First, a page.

Reasons why block is better than bent steel:
- They don't shift around like bent steel saddles do.
- On string installation, then don't flip over if the underside of them gets poked by the string.
- Even with constant play, it is very unlikely the saddles screws will ever vibrate out of place.
- Because there is more mass touching each saddle, bad vibration (as in the kind that's annoying) pretty much completely goes away.
- Extra vertical height adjustment because of the greater mass of the saddle.
Easy mod #5 - 250K linear taper potentiometer for volume control (only)
This one takes a bit of explanation, but it's not too difficult to understand.
Whether the Strat you have is made by Fender, Squier or someone else, it's pretty much guaranteed that all the knobs are 250K audio taper pots. Switching the volume control out to a 250K linear taper pot brings about some tone control you didn't have before.
The advantage to audio taper pots is that most of the treble is kept even as you turn the volume down. Audio taper pots are also really good for volume swells, should you use that style of guitar play.
Gibson guitars typically use linear taper pots. To your ear, when you turn down a linear volume pot, you will hear the treble start to cut off a lot sooner.
What happens when you install a 250K linear volume pot on a Strat? You're able to cut off a small amount of treble while keeping most of the signal just from turning the volume pot from 10 to 9 or 8.
For some players, this is really convenient because it allows a super-fast way to cut off just a smidgen of treble without having to grab a tone knob.
The disadvantage is that linear taper pots are not good for volume swells, so if you use that style of guitar play, keep your audio taper pots. But if you ever wished, "Gee, I wish I could just take off a small amount of treble without 'mudding' out and still keep my gain up," install that 250K linear pot for a volume control and you'll get it.
Should you use linear taper for all your pots, including the tone controls? No. Using linear taper for tone controls typically results in the sound 'mudding out' too quickly to be usable. It is OK to have a linear pot for volume control and audio pot for tone control...
...which is incidentally exactly how the Jaguar and Jazzmaster are set up. They use 1meg linear volume pots and 1meg audio tone pots. It's not a new idea. Some believe that linear volume/audio tone is the best combo you could use on any electric because it's the most usable.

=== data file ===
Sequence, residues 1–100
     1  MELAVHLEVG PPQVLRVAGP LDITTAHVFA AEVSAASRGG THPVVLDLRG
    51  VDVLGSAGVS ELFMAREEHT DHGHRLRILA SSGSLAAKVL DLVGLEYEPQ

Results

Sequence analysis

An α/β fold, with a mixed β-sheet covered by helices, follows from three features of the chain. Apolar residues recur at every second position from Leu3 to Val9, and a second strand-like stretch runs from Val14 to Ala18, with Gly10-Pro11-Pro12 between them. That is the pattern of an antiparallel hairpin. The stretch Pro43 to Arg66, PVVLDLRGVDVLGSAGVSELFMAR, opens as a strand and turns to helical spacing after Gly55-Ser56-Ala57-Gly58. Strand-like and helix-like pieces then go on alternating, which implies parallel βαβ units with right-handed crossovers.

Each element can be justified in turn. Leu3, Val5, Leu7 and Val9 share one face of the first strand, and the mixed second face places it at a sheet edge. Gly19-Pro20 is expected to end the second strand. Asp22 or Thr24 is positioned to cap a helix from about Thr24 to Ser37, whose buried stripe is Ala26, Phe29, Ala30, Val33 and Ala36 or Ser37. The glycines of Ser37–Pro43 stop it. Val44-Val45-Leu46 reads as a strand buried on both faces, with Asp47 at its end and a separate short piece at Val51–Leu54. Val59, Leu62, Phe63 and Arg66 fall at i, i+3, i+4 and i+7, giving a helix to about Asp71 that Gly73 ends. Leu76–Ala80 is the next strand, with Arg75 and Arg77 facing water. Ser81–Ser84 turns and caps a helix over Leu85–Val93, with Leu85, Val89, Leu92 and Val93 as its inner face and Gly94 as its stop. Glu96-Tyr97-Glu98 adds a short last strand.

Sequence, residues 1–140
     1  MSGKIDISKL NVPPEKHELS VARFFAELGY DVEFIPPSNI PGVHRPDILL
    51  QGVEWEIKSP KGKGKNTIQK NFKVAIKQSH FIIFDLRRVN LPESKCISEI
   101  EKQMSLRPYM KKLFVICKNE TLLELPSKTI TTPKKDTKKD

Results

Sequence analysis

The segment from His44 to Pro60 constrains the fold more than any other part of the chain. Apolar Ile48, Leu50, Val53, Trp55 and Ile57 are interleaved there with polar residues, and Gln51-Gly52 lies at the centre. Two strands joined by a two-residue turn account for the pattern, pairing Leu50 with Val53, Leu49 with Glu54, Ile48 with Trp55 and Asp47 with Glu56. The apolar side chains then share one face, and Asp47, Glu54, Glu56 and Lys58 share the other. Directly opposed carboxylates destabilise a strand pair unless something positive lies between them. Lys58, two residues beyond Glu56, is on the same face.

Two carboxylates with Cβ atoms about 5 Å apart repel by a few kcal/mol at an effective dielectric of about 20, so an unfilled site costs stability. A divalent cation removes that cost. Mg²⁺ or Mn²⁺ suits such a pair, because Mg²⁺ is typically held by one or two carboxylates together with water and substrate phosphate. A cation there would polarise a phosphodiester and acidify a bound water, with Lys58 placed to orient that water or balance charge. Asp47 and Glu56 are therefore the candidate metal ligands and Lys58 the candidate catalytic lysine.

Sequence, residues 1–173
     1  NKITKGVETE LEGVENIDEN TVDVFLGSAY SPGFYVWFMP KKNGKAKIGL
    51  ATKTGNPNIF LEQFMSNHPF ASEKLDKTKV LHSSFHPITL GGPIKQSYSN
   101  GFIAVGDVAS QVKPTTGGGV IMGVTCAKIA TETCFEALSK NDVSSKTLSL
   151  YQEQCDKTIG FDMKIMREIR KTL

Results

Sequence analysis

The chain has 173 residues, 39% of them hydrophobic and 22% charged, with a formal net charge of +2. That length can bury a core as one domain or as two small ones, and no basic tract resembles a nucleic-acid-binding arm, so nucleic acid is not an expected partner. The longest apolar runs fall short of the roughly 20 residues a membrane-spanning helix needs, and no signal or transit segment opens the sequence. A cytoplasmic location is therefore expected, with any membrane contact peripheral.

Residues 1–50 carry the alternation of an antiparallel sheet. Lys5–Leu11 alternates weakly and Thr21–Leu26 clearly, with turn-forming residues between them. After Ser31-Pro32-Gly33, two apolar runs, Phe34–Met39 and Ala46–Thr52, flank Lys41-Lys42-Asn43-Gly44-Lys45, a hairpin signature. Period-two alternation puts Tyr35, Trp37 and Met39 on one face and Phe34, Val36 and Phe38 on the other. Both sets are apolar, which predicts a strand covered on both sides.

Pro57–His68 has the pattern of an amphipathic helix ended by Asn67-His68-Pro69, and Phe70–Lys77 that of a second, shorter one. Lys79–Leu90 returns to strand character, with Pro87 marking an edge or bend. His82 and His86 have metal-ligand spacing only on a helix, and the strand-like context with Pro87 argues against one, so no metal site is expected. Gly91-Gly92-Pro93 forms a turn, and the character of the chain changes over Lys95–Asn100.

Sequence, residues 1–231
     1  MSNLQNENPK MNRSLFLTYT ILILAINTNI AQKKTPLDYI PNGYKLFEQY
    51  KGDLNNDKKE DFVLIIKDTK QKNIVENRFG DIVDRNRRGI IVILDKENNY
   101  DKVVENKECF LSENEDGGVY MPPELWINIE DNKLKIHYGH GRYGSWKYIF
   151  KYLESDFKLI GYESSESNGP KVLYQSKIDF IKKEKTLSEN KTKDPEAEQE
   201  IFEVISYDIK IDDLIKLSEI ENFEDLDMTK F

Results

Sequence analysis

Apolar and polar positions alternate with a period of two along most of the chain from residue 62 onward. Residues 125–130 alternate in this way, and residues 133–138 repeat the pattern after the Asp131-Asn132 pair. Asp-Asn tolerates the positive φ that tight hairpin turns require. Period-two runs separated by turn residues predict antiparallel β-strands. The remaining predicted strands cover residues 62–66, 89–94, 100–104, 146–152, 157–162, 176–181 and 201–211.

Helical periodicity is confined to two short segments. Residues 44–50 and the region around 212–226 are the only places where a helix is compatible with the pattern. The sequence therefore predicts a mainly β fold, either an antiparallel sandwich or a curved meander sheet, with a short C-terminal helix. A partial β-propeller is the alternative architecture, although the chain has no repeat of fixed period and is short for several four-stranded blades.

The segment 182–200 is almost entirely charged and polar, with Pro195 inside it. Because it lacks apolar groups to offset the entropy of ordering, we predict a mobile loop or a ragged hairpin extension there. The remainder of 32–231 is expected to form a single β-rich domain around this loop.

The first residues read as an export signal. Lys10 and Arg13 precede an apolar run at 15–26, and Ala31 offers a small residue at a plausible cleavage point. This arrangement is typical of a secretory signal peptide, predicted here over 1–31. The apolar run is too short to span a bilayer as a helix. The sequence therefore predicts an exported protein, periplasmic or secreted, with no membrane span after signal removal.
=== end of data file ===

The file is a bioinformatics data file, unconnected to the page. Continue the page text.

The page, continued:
Quick info on volume pot resistance for those not in the know
The higher the resistance number, the greater the treble response.
Strats use 250K because the skinny single-coils it uses have a high treble response, and 250K keeps the tone civilized without being "screechy."
Guitars with humbuckers, such as the Les Paul, use 500K pots because the dual-coil by nature has less treble response than the Strat single-coil does; the 500K increases treble level so the pickup doesn't "sound like mud."
1000K pots, a.k.a. 1meg pots, are used in Fender/Squier Jazzmaster and Fender/Squier Jaguar guitars, hence their "ice pick" like sound when the volume pot is turned all the way up. A common mod that Jazz/Jag owners do is switch out to 500K pots or even 250K to bring down the treble to a "civilized" level - however - since the volume pot is linear in the Jazz/Jag, a quick volume turn from 10 to 9 or 8 has pretty much the same effect.
Large single-coil pickups like the P90 vary as to what volume pot resistance is used (it changes around depending on what company made the guitar.) Some go as low as 100K, while others use 300K.
Strat single-coils typically do sound best when 250K is used, regardless if the taper is audio or linear.
Easy mod #6 - Roller string trees
These are cheap, readily available, look cool and help prevent string "kinking," but I'll give you a warning here. Watch out for the "nub".
If you have an modern American Standard Strat (anywhere from the 1990s to present,) you already have these roller trees, so anyone who installs these will do so on a Mexico Strat or Squier.
Here's the thing to know: On the bottom side of some roller trees, there is a metal nub on the underside. It looks like this:
The reason it's there is because there is a tiny supporting hole that the nub goes into. But of course, your Strat doesn't have those supporting holes in the headstock.
If your roller string tree set has the nubs, file them off using whatever metal file you have available. But bear in mind the roller string tree is small, so you must use a small file to do the work, and do it slowly because it's almost too easy to shave off too much. All you want to do here is just shave it flat.
I also suggest doing the filing by hand. Don't use a Dremel or a power tool, because it's guaranteed you'll take off too much metal. Do it by hand.
One last thing on the trees. If your Strat headstock has two of them, it's probably true each is of a different height. If so, specifically buy a pair that has those staggered heights to them so your strings rest proper after they're installed.